Maister – These sound like life lessons, not just blogging lessons.

Rubel – Yes, these lessons are general. But the blogosphere has its own culture, just like a dinner party in China is going to be different from a dinner party in the UK.

If you want to join in, you need to take the time to learn the specific manners and mores. Unfortunately, it is very easy to make a big ‘faux pas’ in a foreign country by doing what you would normally do at home.

Maister – What else can blogging do for the blogger?

Rubel – Whether it’s blog-based or news-based, you can be really valuable by being the best aggregator of information in your field. The blog is the perfect tool to make that possible. That’s not just doing a cut-and-paste job on other people’s blogs, although too many people are taking that approach. You must work at contributing. I have developed systems that help me find stuff, and find it before others do. That’s part of making yourself the “go-to resource.”

I’m not a journalist. I’m a finder of information, a sharer of information, an aggregator of information. And it works, because I’m out there every day uncovering things and sharing them with my audience.

For more of Steve’s comments, and my reflections on them, go to my article Setting Knowledge Free


Shawn Callahan said:

Thanks for the interview with Steve Rubel. The idea of setting knowledge free is one we’ve subscribed to in our blog but I wonder how many professional services firms will adopt this strategy? David, do you know of any professional services firms who are doing this?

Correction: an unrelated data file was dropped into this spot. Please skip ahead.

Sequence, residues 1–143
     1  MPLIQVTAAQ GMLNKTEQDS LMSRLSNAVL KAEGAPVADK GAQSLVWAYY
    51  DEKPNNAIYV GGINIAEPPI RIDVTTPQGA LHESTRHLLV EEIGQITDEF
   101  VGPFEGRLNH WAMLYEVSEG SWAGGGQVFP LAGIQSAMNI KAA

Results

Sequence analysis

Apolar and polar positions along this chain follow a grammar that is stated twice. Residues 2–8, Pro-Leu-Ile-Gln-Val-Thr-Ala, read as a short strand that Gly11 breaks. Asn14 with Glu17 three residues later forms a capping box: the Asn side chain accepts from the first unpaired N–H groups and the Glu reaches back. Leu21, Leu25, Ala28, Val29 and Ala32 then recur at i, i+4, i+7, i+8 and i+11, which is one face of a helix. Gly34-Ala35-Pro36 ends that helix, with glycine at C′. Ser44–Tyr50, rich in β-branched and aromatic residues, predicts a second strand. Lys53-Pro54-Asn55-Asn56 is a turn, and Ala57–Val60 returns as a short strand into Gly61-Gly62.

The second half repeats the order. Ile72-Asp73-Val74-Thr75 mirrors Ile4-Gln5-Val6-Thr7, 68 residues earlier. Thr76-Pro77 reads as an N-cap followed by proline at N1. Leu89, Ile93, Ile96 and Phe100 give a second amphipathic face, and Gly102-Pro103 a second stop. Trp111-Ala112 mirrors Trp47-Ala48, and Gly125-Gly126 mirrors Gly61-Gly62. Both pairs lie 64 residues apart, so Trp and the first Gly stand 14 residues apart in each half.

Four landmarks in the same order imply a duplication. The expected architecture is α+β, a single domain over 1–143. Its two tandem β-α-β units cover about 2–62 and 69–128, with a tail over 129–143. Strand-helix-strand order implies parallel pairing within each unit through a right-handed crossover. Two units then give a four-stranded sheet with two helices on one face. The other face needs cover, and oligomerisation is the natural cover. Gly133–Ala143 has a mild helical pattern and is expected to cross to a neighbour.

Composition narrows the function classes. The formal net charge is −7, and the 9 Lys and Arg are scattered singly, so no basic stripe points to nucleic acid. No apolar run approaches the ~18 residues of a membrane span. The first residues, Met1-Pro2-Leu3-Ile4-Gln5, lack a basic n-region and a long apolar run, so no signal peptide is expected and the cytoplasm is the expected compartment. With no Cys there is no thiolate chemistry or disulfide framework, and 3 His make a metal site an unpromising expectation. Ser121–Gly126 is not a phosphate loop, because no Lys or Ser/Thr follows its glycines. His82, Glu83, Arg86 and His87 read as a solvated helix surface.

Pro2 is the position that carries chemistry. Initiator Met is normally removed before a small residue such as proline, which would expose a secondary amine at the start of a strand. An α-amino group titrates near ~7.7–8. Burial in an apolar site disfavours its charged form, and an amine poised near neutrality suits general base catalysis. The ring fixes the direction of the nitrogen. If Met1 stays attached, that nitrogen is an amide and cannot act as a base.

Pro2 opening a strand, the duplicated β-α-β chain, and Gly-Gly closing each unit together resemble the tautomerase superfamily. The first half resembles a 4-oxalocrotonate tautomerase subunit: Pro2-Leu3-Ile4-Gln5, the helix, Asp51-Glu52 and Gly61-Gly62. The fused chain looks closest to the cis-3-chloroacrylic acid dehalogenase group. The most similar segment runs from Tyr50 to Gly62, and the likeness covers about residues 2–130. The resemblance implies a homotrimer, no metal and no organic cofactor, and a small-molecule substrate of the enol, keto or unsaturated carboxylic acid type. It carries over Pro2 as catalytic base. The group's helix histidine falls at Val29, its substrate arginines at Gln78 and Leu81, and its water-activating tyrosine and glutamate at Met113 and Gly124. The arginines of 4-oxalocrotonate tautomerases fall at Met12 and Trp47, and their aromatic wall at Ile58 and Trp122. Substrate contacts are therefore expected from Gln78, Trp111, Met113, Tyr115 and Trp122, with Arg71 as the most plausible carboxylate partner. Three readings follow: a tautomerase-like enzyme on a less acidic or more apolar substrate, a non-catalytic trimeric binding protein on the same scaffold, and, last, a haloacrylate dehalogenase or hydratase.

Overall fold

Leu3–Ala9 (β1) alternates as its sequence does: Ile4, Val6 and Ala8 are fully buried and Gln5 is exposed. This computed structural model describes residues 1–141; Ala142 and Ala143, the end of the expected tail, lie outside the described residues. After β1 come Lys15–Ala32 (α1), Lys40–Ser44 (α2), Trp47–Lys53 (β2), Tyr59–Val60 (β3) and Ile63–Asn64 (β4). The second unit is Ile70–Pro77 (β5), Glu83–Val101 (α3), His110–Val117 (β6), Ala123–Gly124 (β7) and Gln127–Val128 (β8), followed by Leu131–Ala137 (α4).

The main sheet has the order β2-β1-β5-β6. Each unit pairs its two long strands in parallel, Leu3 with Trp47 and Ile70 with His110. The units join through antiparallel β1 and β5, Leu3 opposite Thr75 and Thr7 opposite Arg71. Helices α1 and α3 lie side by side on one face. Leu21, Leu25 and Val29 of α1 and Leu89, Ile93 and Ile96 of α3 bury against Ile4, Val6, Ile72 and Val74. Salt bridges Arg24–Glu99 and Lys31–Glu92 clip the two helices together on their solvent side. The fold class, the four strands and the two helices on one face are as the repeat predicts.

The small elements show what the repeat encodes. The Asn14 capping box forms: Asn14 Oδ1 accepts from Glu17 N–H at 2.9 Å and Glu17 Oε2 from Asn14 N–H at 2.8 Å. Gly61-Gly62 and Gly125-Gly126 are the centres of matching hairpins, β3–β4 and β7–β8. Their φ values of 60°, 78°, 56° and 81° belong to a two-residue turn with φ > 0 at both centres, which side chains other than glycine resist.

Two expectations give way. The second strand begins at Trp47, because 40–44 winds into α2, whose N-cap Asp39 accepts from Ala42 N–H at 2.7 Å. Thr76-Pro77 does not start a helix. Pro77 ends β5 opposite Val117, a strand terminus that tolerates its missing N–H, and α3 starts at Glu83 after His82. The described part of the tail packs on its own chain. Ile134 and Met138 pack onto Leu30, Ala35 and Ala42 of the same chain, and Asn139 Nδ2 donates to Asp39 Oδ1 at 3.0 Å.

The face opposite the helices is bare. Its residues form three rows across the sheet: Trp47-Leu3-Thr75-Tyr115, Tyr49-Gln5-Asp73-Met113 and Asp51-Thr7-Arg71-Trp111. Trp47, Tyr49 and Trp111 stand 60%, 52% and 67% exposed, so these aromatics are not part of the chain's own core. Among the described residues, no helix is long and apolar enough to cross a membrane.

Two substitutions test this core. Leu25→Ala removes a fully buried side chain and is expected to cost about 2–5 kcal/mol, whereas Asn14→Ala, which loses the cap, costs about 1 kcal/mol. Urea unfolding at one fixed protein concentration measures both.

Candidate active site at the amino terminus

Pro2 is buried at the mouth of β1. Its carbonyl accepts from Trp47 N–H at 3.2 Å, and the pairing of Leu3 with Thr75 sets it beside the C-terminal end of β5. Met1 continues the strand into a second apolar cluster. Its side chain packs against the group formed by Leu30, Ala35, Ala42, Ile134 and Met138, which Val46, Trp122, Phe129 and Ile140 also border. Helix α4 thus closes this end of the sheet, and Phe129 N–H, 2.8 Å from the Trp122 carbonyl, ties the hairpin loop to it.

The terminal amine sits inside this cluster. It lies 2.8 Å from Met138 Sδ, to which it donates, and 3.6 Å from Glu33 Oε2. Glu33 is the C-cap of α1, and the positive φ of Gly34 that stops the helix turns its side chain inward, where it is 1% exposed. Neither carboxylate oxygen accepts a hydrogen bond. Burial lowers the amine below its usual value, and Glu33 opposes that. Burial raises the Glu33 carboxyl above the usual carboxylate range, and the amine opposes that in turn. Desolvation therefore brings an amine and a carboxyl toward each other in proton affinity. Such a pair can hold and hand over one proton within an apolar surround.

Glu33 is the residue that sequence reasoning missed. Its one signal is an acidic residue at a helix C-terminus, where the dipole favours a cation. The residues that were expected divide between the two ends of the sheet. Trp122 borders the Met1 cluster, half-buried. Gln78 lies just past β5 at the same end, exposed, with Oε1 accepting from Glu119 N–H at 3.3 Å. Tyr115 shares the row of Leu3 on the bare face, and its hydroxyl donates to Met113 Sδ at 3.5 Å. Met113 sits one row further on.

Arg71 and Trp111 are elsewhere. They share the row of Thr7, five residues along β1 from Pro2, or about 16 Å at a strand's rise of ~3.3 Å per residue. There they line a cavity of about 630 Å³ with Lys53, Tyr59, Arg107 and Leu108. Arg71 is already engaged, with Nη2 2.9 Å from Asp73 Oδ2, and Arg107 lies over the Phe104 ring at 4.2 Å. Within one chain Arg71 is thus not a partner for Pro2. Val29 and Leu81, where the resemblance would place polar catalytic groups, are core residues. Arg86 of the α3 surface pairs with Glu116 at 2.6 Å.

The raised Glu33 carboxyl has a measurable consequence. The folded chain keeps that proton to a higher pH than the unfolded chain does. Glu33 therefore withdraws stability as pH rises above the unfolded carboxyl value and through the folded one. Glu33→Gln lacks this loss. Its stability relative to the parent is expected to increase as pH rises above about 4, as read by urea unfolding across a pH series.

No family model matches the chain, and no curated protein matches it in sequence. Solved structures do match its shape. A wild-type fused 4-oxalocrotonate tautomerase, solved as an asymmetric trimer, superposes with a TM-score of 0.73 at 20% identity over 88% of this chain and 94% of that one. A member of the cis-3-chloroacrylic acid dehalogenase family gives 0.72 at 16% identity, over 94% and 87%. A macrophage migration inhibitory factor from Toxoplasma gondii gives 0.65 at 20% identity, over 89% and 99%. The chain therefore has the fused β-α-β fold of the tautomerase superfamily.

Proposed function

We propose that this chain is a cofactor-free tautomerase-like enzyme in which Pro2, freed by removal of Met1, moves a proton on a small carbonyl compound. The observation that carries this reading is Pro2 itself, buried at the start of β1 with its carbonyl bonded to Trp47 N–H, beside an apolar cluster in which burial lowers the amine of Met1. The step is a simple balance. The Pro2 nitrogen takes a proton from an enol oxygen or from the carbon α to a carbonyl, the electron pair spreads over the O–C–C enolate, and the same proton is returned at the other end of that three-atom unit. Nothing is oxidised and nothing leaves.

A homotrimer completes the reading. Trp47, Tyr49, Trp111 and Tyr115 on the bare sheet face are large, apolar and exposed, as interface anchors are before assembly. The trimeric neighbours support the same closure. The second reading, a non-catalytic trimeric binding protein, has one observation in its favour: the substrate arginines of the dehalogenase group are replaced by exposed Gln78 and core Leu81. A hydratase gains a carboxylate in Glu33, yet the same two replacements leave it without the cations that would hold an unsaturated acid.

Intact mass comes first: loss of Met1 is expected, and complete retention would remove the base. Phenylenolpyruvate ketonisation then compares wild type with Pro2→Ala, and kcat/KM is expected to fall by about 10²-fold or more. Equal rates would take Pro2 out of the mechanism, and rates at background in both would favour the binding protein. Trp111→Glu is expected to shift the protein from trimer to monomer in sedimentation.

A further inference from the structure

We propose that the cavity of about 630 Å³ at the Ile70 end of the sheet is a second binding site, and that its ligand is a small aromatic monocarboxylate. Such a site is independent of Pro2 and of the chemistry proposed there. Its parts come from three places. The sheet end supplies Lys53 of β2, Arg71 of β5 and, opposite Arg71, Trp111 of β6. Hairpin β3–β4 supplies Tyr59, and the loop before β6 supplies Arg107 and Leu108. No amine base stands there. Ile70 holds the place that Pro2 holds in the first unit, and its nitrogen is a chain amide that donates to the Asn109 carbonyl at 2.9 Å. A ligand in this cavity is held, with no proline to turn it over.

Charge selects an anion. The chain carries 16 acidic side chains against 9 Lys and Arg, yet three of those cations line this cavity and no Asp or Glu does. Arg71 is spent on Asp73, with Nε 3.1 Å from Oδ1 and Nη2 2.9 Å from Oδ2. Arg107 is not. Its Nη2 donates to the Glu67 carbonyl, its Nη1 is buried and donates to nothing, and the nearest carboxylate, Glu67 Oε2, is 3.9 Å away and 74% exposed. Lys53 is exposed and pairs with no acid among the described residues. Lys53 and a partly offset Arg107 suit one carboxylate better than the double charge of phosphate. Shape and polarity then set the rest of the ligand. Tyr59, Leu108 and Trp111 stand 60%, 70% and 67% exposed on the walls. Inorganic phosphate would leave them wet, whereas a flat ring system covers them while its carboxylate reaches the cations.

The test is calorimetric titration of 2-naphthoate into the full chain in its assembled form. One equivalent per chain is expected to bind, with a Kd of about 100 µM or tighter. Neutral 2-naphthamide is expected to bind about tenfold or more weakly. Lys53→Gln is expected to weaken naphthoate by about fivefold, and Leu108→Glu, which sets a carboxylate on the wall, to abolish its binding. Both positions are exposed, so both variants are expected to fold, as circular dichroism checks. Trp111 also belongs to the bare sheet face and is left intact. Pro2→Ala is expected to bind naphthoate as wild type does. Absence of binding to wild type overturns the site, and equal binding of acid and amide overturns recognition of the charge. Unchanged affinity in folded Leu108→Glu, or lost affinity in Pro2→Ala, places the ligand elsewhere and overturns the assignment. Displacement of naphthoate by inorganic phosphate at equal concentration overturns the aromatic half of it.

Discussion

In my experience most firms have a proprietory IP mentality that prevents them from getting involved in the blogosphere in a meaningful way. All we get is PR massaged messages.

I wrote a piece in knowledge hoarding, which is at the other end of setting knowledge free (http://www.anecdote.com.au/archives/2006/02/knowledge_hoard.html). In particular I have found explaining Max Boisot’s I-space a useful way to help people see that holding on to what you know is only a good strategy in slow moving, fossilised, industries. Dynamic and complex industries demand a knowledge freedom approach. I don’t know who said it but the best way to come up with a good idea is to have lots of ideas and getting them out there for people to discuss seems to be a good strategy.

posted on March 10, 2006

David (Maister) said:

Shawn, like you, I don’t think it’s a blogging issue. To take it personally, many of my closest friends have always asked me: ‘Why are you publishing all your ideas in books? Aren’t you afraid that other consultants will steal them? Or that clients will just take the ideas and never hire you? Why are you doing podcasts? Don’t you worry that they won’t hire you for speeches?”

My answer has always been close to your point, Shawn, that both of those things do happen a lot (I wish I had a commission for every consulting dollar that was paid on things I wrote about first, and I wish I got a few cents every time clients used my articles in their training programs without using me.)

But the wonderful things that have happened in my career would never have happened if I had taken the position of: “I have wonderful things to offer but will only show them to you if you pay me.”

You know what that reminds me of? Well, I won’t say the word, but you know what I’m thinking.

Yes, being generous with your ideas has costs, but the opposite is definitely a loser’s strategy. I’m not going to name names here, Shawn, (others may) but I think both you and I would report that most professional firms do NOT share their ideas. Most are acting in the mode of “Pay me and I’ll open the kimono!” Not very enticing or persuasive, is it?

posted on March 10, 2006